Stories from RuNet Echo from January, 2016
A new bill in the Ukrainian parliament wants to replace the common pre-court notice and takedown procedure for copyright violations online with a faster blocking mechanism bypassing the courts.
37 percent of Russian Internet users believe Russian television and online media report on news in the same way, while an equal 37 percent argue the coverage differs significantly.
According to a Russian news site and a whole lot of bloggers, Vladimir Putin’s ex-wife, Lyudmila, has remarried. The RuNet also thinks it's found her Facebook account.
Russia is finally embracing transparency—so long as it poses no threat to political stability, writes Andrei Jvirblis in this openDemocracy Russia overview of the Kremlin's open government efforts.
What has in the past helped defeat French legions and German divisions is also an ordinary concern for Russians. Usually, there's little cause for celebration, when considering the Russian winter.
While Ramzan Kadyrov isn’t Russia’s president, he is far more than a mere regional figure, and the past few weeks have offered only the latest evidence of his “talents.”
LGBT activist Sergey Alekseenko was accused of "gay propaganda" after posting a quote from a state regulator's report describing another LGBT community on social media.
Russian Pastafarians are celebrating: for the first time, an adherent of the religion managed to get his driver's license photo taken wearing a pasta strainer—Pastafarians' obligatory headgear.
A Ukrainian Ministry of Defense spokesman said the recent cyber attack on Boryspil airport in Kyiv had originated from servers in Russia.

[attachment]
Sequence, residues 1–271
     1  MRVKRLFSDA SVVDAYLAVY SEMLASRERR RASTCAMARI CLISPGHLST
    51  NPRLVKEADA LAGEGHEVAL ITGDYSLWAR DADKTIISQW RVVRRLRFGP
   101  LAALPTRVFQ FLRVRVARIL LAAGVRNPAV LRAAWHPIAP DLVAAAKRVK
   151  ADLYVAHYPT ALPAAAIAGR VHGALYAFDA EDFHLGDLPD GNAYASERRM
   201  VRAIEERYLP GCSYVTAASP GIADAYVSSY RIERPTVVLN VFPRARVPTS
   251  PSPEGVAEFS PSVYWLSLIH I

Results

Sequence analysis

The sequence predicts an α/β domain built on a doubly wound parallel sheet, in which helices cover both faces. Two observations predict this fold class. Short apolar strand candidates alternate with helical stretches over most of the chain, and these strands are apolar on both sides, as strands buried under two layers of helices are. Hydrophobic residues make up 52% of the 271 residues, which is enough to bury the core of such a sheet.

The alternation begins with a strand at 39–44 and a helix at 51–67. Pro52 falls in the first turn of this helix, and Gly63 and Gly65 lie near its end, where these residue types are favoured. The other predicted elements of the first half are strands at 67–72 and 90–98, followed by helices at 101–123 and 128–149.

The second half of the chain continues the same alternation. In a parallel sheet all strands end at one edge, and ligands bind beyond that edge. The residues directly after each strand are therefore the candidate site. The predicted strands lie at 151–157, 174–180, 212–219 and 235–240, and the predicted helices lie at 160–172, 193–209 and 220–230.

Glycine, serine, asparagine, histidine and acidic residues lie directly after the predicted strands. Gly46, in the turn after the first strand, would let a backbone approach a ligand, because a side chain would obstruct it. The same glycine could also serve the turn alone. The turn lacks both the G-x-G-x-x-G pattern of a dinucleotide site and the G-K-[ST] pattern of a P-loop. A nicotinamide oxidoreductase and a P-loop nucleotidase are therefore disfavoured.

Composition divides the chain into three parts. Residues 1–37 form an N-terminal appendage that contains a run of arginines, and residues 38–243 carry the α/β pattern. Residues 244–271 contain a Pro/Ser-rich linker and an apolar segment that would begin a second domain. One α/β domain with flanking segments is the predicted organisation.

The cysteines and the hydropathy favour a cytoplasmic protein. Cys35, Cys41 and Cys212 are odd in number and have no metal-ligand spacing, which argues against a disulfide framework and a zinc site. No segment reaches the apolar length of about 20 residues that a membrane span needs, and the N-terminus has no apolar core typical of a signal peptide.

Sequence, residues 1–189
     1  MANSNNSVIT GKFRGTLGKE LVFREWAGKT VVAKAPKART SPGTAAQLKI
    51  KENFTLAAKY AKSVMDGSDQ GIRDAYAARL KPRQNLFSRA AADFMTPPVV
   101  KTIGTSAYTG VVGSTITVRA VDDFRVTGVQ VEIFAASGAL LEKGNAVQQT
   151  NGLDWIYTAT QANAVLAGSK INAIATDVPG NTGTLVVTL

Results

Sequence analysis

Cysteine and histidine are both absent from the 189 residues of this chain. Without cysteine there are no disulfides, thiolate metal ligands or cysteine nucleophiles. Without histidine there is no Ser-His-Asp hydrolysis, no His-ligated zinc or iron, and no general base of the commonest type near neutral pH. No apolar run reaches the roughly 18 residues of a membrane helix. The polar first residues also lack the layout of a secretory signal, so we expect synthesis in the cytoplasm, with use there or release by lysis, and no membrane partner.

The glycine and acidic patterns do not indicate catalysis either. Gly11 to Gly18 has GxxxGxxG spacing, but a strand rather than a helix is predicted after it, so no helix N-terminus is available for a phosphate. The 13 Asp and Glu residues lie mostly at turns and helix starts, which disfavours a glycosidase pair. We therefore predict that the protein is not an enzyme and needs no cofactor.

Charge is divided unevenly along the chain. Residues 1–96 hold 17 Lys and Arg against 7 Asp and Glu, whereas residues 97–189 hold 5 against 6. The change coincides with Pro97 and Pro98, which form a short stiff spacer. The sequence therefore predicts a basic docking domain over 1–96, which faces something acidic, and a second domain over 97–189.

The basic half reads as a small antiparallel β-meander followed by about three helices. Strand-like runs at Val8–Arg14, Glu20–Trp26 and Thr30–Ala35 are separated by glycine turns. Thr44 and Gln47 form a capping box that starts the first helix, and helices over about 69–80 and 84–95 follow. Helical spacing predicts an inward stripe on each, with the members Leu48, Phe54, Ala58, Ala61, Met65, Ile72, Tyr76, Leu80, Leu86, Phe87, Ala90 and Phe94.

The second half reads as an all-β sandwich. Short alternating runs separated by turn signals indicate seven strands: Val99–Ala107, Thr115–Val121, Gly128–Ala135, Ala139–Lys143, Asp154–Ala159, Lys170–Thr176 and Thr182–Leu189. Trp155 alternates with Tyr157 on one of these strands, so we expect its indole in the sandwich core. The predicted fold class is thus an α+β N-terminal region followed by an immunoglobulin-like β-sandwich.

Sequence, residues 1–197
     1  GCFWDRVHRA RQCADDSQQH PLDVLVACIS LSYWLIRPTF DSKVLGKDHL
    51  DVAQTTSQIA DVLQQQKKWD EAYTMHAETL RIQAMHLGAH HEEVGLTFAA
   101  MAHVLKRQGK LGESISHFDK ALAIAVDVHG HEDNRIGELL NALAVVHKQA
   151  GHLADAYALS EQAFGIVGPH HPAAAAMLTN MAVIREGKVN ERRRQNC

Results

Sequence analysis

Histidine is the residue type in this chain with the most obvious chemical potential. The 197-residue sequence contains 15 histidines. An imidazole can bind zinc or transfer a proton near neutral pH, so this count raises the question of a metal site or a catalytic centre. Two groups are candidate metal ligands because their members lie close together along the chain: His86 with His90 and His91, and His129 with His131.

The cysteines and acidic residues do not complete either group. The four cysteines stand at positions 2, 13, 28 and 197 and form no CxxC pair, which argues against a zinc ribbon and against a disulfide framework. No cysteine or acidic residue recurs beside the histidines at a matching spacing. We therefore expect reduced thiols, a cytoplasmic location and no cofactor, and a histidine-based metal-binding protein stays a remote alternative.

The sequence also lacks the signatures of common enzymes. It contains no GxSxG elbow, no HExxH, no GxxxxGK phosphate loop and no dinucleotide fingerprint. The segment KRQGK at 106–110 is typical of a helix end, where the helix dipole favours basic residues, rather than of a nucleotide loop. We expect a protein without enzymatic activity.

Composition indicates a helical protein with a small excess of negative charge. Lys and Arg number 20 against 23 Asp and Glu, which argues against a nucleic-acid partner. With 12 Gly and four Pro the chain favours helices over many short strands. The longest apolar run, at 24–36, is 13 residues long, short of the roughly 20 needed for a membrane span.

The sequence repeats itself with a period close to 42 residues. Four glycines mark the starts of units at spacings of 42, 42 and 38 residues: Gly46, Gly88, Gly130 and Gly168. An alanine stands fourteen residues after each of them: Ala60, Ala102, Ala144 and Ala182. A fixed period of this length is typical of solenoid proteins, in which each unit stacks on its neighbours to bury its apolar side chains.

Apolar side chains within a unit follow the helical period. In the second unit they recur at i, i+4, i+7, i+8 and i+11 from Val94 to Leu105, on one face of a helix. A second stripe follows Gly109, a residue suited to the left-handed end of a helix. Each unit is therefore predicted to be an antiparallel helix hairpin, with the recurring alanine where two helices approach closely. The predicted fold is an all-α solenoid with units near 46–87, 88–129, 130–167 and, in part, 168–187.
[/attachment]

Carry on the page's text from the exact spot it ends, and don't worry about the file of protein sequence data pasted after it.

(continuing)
Dmitry Shipilov, a Russian journalist and blogger sentenced to community service for insulting the governor of Kemerovo region on his blog, has been granted political asylum in Ukraine.
Vladimir Putin's new Internet advisor is known as a hardliner against foreign online resources that break Russian law. Now German Klimenko has been tied to a questionable torrent tracker.
Dissernet's investigation of dissertation texts found that one in nine lawmakers in the Russian State Duma has plagiarized content in their thesis, raising suspicion about their academic degrees.
Social media users in Ukraine's capital Kyiv posted multiple images showing the ad screens in the subway taken over by a picture of smiling Moriarty from the BBC Sherlock series.
Even with the flood of information created and made accessible by the Internet, the fog of war is still thick. But it's not impenetrable.
News websites in the self-proclaimed "Lugansk People's Republic" are being censored as separatist authorities seek to minimize the "destabilizing" influence of the Ukrainian media.
While ordinary Internet users in Russia today still have no problem finding adult content, police have begun cracking down on individuals who share porn on social media and peer-to-peer networks.
Russia's Internet ombudsman and Putin's new Internet advisor believe they have no business defending the rights of Internet users in Russia.
Almost every day, Russians die in police custody, often under mysterious circumstances. An online project called "Russian Ebola" is recording each death to raise awareness of the human rights issue.
US cybersecurity experts claim the December cyber-attack that led to a temporary outage of the power grid in western Ukraine is the work of Russian hacker collective the Sandworm Team.
When Ukrainian President Petro Poroshenko decided to tweet a doctored cover of The Economist magazine with his face replacing Putin's, he got some image editing help from social media users.